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Anna Staniewska

stakeholder groups; Analysing preferences and needs (using various methods); The completion of the studies for the survey, report, initial definition of design guidelines; A design workshop; A design based on guidelines resulting from the research results and the problems included in the study curriculum; Project presentation, exhibition of projects. Information about work starting on a subject is provided through local newspapers or websites and social media. Invitations to workshops come in the form of posters, which challenge students with the task of

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Agnieszka Sobala-Gwosdz and Krzysztof Gwosdz

(regional and local) levels ( The Megasite Management Guidelines 2014 ). The area is located in the northern part of the vast Katowice inner zone, less than one kilometre from the historic core of the city, in close proximity to the city icon – the Spodek (‘Saucer’) Sports and Entertainment Hall ( Fig. 1 ). In the design, implemented in 1999–2015, the site forms an urban field, with a dominant function of culture and education and congress and exhibition space. Soon it will also be filled with commercial buildings (KTW office buildings) and a residential quarter

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Mixed use and diversity as a New Urbanism principle guiding the renewal of post-industrial districts

Case studies of the Paris Rive Gauche and the New Centre of Lodz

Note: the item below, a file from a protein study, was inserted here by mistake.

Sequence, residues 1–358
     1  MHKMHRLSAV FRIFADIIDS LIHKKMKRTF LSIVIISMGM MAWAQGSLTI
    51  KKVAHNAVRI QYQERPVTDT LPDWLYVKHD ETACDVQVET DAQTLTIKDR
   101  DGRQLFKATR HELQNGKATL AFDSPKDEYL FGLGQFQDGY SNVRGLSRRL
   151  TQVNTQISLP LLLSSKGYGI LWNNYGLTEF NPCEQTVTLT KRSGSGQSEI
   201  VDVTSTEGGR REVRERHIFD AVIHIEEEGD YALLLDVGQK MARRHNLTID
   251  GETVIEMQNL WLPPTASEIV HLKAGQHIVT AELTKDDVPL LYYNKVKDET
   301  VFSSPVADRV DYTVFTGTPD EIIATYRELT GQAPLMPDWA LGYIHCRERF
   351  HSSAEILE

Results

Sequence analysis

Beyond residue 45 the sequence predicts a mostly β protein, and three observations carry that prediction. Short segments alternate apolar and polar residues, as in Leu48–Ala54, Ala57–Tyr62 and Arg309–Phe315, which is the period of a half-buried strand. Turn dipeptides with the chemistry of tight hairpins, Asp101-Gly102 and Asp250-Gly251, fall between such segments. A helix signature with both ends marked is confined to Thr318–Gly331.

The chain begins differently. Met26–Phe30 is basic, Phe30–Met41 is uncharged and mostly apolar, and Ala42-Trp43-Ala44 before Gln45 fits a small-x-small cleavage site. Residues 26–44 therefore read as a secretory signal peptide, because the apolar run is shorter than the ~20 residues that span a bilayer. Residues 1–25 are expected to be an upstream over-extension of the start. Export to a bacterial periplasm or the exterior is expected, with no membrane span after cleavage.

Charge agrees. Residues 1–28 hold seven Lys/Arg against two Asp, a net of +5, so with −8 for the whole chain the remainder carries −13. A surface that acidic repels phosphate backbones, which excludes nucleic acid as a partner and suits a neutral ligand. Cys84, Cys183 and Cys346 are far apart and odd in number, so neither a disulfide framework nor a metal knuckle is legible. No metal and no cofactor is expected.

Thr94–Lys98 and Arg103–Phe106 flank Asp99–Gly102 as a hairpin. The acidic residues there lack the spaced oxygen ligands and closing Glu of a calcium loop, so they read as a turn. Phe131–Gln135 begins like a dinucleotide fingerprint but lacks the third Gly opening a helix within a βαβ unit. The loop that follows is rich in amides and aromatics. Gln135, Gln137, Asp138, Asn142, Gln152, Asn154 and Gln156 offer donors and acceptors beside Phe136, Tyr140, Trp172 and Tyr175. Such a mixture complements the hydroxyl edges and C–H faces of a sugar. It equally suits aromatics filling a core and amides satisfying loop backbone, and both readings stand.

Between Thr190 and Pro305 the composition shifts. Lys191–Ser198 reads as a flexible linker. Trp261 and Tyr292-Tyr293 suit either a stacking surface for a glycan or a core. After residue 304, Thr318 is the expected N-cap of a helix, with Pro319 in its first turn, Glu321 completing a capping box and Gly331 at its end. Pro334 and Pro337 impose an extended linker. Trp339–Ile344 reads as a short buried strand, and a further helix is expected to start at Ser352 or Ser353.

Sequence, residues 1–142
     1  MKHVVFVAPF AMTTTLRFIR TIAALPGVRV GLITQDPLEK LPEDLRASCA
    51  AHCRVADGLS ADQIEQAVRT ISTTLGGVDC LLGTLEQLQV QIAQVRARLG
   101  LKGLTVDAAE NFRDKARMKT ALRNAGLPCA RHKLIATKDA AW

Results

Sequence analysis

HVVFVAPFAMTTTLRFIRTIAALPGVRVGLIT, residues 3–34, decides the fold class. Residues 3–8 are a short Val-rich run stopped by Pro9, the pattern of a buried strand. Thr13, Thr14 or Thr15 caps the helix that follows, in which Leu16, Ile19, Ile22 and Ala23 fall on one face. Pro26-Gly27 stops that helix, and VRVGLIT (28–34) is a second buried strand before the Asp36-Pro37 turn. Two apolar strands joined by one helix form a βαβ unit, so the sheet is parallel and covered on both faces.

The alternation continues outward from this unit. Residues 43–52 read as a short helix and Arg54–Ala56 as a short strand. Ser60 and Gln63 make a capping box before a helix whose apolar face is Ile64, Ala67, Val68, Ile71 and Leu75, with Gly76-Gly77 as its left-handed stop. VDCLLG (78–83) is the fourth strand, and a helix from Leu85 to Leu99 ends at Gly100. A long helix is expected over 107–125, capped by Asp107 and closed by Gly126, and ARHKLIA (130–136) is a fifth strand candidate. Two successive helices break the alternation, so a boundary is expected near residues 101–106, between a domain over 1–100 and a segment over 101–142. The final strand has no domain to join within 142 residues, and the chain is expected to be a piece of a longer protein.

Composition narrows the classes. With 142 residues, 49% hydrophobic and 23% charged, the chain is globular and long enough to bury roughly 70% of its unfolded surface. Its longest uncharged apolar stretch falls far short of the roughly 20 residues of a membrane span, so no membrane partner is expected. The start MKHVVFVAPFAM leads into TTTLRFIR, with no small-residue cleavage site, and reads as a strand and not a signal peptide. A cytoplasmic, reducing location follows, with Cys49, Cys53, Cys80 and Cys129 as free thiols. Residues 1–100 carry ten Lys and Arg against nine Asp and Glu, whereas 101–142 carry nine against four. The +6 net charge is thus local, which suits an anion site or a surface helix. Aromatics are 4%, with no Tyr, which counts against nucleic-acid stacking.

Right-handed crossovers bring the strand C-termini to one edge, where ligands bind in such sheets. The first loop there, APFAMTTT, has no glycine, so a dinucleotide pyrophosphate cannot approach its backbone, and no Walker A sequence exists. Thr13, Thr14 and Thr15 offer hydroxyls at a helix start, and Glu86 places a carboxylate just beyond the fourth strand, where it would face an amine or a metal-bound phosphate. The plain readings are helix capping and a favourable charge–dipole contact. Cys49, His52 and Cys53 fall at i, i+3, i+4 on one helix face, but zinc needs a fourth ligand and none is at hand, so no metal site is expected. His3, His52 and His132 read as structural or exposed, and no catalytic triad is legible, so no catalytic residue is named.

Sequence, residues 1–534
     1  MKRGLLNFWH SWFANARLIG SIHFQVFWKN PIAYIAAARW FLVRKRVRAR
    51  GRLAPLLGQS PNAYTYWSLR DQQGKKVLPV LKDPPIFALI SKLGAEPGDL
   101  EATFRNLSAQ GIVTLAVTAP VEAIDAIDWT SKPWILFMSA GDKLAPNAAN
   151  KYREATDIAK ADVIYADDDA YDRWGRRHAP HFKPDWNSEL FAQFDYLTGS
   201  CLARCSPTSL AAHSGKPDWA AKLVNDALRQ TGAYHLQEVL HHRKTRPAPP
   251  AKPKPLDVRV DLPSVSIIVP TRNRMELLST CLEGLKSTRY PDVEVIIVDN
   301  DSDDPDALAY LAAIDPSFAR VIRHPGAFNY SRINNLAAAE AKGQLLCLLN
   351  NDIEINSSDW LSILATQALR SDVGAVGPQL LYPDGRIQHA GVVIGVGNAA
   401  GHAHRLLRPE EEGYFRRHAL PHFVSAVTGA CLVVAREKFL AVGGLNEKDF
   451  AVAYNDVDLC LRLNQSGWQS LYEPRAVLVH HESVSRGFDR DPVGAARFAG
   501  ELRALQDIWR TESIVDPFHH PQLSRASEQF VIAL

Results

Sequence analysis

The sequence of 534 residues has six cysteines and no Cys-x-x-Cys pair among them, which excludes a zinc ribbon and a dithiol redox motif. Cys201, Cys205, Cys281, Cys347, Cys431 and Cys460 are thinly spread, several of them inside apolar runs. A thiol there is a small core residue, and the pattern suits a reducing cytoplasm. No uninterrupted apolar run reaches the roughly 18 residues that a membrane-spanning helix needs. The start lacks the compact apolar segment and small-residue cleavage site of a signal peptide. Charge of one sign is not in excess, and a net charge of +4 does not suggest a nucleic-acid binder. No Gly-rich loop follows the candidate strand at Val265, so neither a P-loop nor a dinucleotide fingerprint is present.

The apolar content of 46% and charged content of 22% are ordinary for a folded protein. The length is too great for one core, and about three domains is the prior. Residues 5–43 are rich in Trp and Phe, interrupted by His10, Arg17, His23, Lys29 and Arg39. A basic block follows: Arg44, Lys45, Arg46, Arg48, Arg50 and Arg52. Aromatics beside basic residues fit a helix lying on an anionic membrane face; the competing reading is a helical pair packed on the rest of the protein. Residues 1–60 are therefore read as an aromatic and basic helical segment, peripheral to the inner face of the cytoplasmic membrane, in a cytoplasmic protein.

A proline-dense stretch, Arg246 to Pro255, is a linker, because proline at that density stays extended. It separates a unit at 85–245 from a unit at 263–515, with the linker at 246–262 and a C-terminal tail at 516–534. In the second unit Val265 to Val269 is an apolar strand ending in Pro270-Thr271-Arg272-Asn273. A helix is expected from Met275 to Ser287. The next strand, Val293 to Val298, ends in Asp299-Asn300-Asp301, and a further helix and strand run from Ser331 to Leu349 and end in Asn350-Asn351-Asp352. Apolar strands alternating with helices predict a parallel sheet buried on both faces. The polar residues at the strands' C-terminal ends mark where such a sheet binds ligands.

Monika Maria Cysek-Pawlak

-industrial buildings – Magasins Generaux and cold storage warehouses Frigo – are used as exhibition spaces and arts centres. The regeneration of the Paris Rive Gauche heritage: ‘reflects […] a changing attitude and keener appreciation for the role of industrial architecture as significant sites of collective urban memory’ ( Weiss 2009 : 137). The decision to convert historic buildings to new uses created numerous problems for the architects and had an impact on the district’s new functions. To turn the former railway site into a modern district, a transfer slab had to be

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Nikola V. Dimitrov, Blagoja Markoski, Ivan Radevski and Vladimir Zlatanoski

supported by a document from 1829, in which it states that the tradesman Anastas Tsalis from Bitola traded “on land and sea with Western Europe, Persia and India“ ( Turkish documents on Macedonian history 1958 : 53-56). In 1862, artisanal products from Bitola were present at the International Exhibition in London. They were the result of the hard work of 2,065 shops, with about 140 types of different crafts and professions and over 70 esnaf organizations ( Konstantinov 1961 : 103-106). In 1876, the official Turkish records listed 1650 shops, 150 magazas (emporiums

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Paweł Pistelok

accessibility. A. Sikora (2015: 44) spoke bitterly about the situation: ‘A district with cultural buildings has been created, with convenient access, and surrounded by car parks, like a huge shopping centre. (...) Such an organisation of this part of the city does not help the city to develop, since it fails to revive the area (because there is nothing there) – there is no one to radiate the culture to. It is a place you only come to occasionally, to attend an event (concert or exhibition), and then you go to your car and drive back home. It is a luxurious enclave, a cultural

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Aleksandra Sas-Bojarska

structures; moreover, their continuity is important in both contexts. However, linear revitalization refers not to the construction of new cities as urban belts, but to the repair and renewal of linear structures existing as various barriers in contemporary cities (regions). In both definitions, the common feature is referral to ecological and social ideas, focusing on lines, not points, and connecting areas with the use of various strips/belts/lines. It can be said that the ideas which appeared on the cover of the catalogue of G. Kowalski, from the exhibition of 1967